Did you have a good day?

How are you today? How was your day?

How often do you hear these questions?

How often are you tempted to answer with a quick ‘fine’ hoping that the person who asked won’t ask any more. Or you answer that it was good even though it wasn’t?

Could we put a bit more effort in answering this simple yet important question? Could we start answering how our day really was or do we treat this question only as part of small talk and we won’t bother elaborating the answers?

Would treating this one of the most popular question (my guess only) more seriously could actually change something in the way we interact with each other. And finally, what does it actually mean to have a good day?

Lots of questions. Seems that this simple question poses more (complicated) questions than give the answers.

Our lives are busy, we live under a tension, everybody has their own problems and sometimes we just prefer to cut off the conversation before it even begins. I know. But I’m a strong believer in a thoughtful life – not one in which you go mindlessly through the day, just to tick off the boxes and you’re happy that you survive but one in which things have meaning and purpose. That’s why the case of this question ‘bothers’ me so much.

Every afternoon, when my husband comes home from work we ask each other that simple question. And yes, there are days when we say just ‘fine’ but usually we try to elaborate the answer to give each other a valuable feedback on how our day really was and possibly give each other a chance to support the other half in a meaningful way.

What if we all do that in our everyday conversations? Be it with a colleague, receptionist at the gym or a person on a till at the supermarket?

Instead of snapping at somebody to get rid of them why don’t we at least say: it was good or it wasn’t the greatest. Adding a few more details may even make our interlocutor feel a bit more appreciated. It doesn’t mean we have to tell them the details of our private life but at least we open space for a conversation, interaction with the other person and make a possibility of seeing a smile on somebody’s (or even our own) face. Hint to those who ask the question – ask it like you really mean it, not just to be polite.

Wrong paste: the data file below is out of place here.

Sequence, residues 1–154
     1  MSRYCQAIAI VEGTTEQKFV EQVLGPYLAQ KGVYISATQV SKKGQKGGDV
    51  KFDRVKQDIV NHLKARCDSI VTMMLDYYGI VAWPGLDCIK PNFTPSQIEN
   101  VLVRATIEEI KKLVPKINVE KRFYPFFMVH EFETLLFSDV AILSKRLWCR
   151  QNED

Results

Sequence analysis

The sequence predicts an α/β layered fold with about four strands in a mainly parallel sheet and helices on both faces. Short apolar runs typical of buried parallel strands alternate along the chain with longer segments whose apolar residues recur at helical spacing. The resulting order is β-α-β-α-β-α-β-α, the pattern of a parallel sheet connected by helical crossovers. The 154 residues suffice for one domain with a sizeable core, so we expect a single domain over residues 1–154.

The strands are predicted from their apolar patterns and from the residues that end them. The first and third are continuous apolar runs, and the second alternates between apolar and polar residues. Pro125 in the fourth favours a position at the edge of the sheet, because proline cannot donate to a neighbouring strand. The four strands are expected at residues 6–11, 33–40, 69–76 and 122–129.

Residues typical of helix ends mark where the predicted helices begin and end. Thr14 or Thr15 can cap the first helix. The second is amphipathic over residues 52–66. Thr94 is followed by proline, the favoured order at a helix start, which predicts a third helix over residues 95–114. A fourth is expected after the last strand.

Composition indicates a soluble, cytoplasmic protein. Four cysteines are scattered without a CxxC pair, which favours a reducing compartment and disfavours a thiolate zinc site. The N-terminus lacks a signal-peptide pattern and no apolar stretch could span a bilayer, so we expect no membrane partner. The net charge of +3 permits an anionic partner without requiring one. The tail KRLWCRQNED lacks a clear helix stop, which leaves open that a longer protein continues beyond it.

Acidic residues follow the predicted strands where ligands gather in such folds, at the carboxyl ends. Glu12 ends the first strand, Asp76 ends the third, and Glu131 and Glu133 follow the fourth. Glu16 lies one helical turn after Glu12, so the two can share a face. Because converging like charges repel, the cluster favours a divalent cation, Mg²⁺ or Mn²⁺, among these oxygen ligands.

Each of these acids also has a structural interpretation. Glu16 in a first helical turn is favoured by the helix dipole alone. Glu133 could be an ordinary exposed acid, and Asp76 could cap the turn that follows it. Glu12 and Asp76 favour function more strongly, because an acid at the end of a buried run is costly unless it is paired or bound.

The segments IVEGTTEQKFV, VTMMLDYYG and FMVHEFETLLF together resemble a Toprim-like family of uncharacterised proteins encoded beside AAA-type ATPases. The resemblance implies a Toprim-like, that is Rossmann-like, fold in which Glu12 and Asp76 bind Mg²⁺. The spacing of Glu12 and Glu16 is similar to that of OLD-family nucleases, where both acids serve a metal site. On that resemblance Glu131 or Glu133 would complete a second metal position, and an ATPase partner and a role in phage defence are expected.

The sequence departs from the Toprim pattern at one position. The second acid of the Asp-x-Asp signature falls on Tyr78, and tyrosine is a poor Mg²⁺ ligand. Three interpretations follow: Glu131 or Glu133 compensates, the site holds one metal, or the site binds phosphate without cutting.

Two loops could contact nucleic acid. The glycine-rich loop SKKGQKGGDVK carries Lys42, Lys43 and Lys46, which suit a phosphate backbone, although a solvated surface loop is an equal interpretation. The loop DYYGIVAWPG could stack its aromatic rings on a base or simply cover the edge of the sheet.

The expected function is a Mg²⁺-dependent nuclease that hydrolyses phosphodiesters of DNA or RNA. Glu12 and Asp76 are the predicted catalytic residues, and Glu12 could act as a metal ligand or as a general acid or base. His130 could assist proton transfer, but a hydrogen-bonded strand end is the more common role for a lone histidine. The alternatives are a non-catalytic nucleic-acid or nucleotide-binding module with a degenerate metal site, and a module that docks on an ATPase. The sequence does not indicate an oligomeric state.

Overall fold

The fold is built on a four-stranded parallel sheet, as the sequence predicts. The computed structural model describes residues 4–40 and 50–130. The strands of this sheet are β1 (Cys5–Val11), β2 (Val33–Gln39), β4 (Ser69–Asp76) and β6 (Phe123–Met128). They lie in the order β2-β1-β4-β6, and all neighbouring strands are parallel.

When somebody asks me this question it also makes me think what does it actually mean to have a good day.  Should I always say that the day was good, to appreciate every – good or bad, experience of my life? Or should I have certain criteria to decide whether the day qualifies as good or as not so good.

Is it a day that passed without any problems (aka ‘normal day’)?

Or on the opposite, is it a day full of surprises (providing they’re nice surprises and not bad ones)?

Is it a day that had gone according to your plan?

Or the one when your plan was thrown out of the window?

Is it a day when you did only the things you like?

Or when you had learnt something new?

Is it a day when you met your friends?

Or the day you avoided people at all?

Is it a day when you ticked another thing of your to-do list?

Or the one when you ditched all the to-do lists?

Or is it a combination of all of them?

I could continue asking those questions for long. There are probably as many answers as people (or even more, because depending on the season of life we’re in, the answers may vary) and we wouldn’t be able to come up with a definition of ‘a good day’. But it’s good to answer this question for yourself. What makes you to tick? What adds value to your life? So whenever we’re asked the question, we can answer it with a full heart, and not in a way to cut off the conversation and avoid any further questions.

How do you usually respond when asked the question “How is your day?” Are you annoyed when somebody asks you this question?

What does make you to say the day was good or bad?

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Welcome to Walk & Talk. I’m Joanna and I love strolling in London. Here, I share with you about the best walks in different parts of the capital. Happy walking!

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